Summer tends to be the season of the teenager—on the streets, at the movies, in your memories. Back towards the end of our teenage years, Natasha Lyonne landed a series of roles in summer flicks (Slums of Beverly Hills, But I'm a Cheerleader and The American Pie movies) that marked her as a teen that seemed a little bit off the beaten path. Not long after that, she would begin making headlines for a personal life that took her even further off that path, so far that many wondered whether she would make it out of her twenties.

Natasha did just that, cleaning up her act and turning 30 this past spring. She has quietly been putting back together a little career for herself: an off-Broadway play here, a role in an upcoming Mickey Rourke movie there. Tonight she'll be at 92Y Tribeca, introducing her new movie, The Immaculate Conception of Little Drizzle, a sci-fi thriller described as one of the strangest and most oddly charming films to come out of Sundance this year. She talked with us about the point in which eating grilled cheese all the time stops being funny, how turning your nose up at the East Village is nothing new and the lasting shadow of your teenage years.

So what's this for? A blog? Yeah, since people don't read the newspapers anymore, they come to us. I swear to God. I mean, what have these times come to? You know what I mean?

They've changed really quick and we're adapting as fast as we can. You should see the size of this cell phone! Like I still use the old-timey one.

You mean the Zack Morris ones? (Laughs) Yeah...

Are you a Saved by the Bell fan? I kind of wanna say no to be really honest with you, but then again I was born in '79. I didn't really have much choice in the matter, ya know? Before I really defined my tastes.

Oh puh-leez! Well, you need to check out Mark-Paul Gosselaar doing the Jimmy Fallon show recently where he did the whole interview as Zack, big phone and all—one of the strangest things I've seen on TV. Oh wow, good for him. Is this yet another classy resurrection or something? A whole 'nother wave of careers or something.

Yeah, classy. Exactly what I was thinking. Well I mean classy with a 'K.' I mean, let's be honest. The guy's always gonna be—oh, I don't wanna be mean. Sometimes you feel like maybe famous people aren't real, so it's okay to make fun of them. But the way you make it sound, he's probably reading Gothamist right now. I don't wanna hurt his feelings!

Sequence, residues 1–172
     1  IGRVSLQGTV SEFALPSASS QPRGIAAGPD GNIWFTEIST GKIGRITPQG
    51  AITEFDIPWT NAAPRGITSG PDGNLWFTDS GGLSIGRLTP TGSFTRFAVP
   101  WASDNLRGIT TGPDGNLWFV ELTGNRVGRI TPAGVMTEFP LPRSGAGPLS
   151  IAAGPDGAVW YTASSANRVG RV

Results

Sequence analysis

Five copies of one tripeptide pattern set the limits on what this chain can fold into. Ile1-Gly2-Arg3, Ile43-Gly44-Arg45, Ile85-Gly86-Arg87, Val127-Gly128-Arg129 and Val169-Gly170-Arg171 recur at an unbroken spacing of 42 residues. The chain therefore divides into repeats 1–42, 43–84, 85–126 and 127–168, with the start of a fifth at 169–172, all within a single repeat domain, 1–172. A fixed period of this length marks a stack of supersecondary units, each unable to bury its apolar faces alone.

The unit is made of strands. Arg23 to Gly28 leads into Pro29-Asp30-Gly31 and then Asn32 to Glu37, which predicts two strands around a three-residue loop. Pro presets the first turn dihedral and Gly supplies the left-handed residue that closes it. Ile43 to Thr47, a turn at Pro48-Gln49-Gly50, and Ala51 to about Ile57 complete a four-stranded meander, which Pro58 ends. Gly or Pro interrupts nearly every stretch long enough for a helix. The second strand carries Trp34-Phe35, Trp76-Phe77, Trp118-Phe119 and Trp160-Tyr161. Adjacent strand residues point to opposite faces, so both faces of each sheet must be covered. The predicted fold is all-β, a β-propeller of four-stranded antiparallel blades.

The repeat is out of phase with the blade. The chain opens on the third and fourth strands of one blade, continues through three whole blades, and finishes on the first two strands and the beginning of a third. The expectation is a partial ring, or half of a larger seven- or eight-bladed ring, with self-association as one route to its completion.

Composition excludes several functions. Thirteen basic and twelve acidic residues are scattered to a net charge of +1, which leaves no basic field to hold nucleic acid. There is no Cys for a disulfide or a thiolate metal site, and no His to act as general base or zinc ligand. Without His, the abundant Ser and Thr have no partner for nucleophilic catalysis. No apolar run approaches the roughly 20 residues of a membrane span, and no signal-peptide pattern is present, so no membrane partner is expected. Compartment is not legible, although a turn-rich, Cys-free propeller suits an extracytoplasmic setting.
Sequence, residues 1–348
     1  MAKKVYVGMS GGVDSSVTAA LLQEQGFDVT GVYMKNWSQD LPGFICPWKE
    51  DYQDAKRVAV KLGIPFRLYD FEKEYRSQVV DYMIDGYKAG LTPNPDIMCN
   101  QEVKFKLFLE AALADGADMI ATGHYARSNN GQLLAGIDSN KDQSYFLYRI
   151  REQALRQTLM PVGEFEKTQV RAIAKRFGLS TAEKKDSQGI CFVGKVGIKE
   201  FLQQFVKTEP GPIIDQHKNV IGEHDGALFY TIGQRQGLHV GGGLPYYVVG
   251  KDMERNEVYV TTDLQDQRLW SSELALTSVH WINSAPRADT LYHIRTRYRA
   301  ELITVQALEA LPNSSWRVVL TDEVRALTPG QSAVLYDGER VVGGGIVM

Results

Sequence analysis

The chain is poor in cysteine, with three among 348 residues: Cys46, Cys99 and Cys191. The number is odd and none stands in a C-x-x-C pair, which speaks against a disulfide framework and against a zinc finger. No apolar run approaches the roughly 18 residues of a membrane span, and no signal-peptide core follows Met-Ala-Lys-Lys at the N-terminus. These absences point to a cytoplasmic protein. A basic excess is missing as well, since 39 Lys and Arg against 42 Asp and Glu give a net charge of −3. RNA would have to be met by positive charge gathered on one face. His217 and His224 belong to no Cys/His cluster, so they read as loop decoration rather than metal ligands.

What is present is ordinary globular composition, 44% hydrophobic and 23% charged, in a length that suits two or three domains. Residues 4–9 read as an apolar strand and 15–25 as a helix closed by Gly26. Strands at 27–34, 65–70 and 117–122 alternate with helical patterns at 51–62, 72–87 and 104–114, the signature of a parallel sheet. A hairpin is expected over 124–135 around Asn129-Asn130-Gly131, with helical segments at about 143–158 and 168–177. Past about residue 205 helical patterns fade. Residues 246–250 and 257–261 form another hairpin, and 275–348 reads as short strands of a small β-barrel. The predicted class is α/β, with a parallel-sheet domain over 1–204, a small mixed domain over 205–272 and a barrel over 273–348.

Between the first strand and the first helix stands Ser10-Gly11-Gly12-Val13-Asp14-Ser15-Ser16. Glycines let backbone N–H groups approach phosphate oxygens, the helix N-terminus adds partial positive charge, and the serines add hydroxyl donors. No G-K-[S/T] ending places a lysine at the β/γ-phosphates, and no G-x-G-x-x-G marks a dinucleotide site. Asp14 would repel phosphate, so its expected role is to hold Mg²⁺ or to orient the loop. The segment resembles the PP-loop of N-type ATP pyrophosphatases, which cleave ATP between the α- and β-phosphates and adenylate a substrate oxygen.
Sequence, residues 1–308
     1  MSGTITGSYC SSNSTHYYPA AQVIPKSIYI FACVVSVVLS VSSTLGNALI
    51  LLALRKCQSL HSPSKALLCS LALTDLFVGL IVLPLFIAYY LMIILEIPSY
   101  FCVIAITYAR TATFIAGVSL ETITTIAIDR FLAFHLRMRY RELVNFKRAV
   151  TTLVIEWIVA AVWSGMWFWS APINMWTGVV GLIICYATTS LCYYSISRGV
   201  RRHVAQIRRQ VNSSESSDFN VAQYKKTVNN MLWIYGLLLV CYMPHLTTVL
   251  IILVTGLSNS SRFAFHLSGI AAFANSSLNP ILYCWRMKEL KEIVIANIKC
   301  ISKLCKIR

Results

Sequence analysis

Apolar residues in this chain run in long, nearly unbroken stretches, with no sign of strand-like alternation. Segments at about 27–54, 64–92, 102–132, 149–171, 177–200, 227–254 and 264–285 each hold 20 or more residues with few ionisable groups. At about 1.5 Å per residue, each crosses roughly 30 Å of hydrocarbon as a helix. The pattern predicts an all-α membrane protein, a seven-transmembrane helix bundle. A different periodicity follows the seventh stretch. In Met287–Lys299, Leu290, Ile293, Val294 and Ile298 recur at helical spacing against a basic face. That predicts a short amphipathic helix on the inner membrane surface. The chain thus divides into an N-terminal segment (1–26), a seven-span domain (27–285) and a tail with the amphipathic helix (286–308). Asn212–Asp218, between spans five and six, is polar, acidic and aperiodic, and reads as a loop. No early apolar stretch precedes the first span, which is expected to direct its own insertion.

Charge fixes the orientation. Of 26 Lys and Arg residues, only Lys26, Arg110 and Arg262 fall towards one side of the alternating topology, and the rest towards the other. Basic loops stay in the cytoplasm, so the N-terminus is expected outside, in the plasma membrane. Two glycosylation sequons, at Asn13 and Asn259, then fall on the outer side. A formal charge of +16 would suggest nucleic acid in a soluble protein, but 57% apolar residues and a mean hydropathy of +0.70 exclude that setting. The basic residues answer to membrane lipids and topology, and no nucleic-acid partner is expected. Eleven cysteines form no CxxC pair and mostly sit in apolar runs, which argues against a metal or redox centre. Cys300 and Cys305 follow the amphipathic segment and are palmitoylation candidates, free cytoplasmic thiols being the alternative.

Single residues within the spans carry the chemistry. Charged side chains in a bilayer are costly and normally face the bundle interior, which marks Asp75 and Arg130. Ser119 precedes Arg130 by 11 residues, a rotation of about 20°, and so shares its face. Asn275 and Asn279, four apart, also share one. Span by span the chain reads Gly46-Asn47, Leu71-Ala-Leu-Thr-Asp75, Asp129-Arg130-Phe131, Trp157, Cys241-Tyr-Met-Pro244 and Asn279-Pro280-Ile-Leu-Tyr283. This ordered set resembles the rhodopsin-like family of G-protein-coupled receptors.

So you're living in New York these days? I'm from New York. I live in New York. Down in the East Village. I just got my coffee.

Oh, do you go to Ninth Street Espresso down there? Yes, in fact I do. Now Mark-Paul Gosselaar knows where I live and is gonna come to my house and beat me.

And now you can go to the one on Avenue B if you don't wanna walk all the way over to C. But then you can't really sit. Well they have a bench at the one on B. And stoops—stoops are very happening. Stoops are making a comeback. They're big in the summer.

Do you have a favorite spot around town? The Film Forum. Yesterday I happened to see Food, Inc. but what's probably more interesting is the day before that. I saw In a Lonely Place, that Nicholas Ray movie with Humphrey Bogart and Gloria Grahame. The only reason I say that it's more interesting is that old movies are usually the kinds of movie I go see there. But that Food, Inc. movie was sad. I mean, I was crying. There's something really fucked up about the state of affairs, the audacity of the system.

It's hard not to feel helpless. I think what's difficult is that it's hard to understand that it's really a personal responsibility because that seems like so much more effort.

So you're a Film Forum member? Yes. Someday I hope to be rich enough to have my own placard, my own seat.

Do you have any favorite "Only in New York" moments? Well I remember when I first got back to New York and I was doing that Mike Leigh play that Scott Elliot directed. I was staying in midtown so I'd be close to the theater. And I would walk around listening to my iPod. I'd be walking around with all the big buildings listening to "Back in a New York Groove," that Ace Frehley song. That would feel very New York—looking at the buildings, riding the subway. Oh yeah!

You turned thirty recently. How's the new decade treating you? I hear your thirties are supposed to be good. I heard you come into your own and relax a little. We'll see. I made it—that was the first surprise of thirty. And that was also the first bummer of thirty. (Laughs) It's kind of exciting to re-evaluate. If I'm gonna become a grown-up, then I wanna make a little life for myself. I recently got some stuff out of storage and I was really a teenager back in my twenties. Like I have a whole bunch of Lenny Bruce and Kierkegaard and Surrealism and The Velvet Underground, ya know? And who am I now? I haven't really worked up some adult character yet.